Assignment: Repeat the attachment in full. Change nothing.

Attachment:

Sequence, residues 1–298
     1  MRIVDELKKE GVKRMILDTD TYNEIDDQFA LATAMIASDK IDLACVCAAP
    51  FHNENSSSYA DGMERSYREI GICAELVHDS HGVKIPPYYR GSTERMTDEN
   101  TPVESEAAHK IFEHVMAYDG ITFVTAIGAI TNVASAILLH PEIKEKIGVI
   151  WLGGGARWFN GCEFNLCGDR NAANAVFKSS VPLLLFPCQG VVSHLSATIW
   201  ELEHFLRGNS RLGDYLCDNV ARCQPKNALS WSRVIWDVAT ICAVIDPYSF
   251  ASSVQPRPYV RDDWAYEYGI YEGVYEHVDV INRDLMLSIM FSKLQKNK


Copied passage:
Sequence, residues 1–298
     1  MRIVDELKKE GVKRMILDTD TYNEIDDQFA LATAMIASDK IDLACVCAAP
    51  FHNENSSSYA DGMERSYREI GICAELVHDS HGVKIPPYYR GSTERMTDEN
   101  TPVESEAAHK IFEHVMAYDG ITFVTAIGAI TNVASAILLH PEIKEKIGVI
   151  WLGGGARWFN GCEFNLCGDR NAANAVFKSS VPLLLFPCQG VVSHLSATIW
   201  ELEHFLRGNS RLGDYLCDNV ARCQPKNALS WSRVIWDVAT ICAVIDPYSF
   251  ASSVQPRPYV RDDWAYEYGI YEGVYEHVDV INRDLMLSIM FSKLQKNK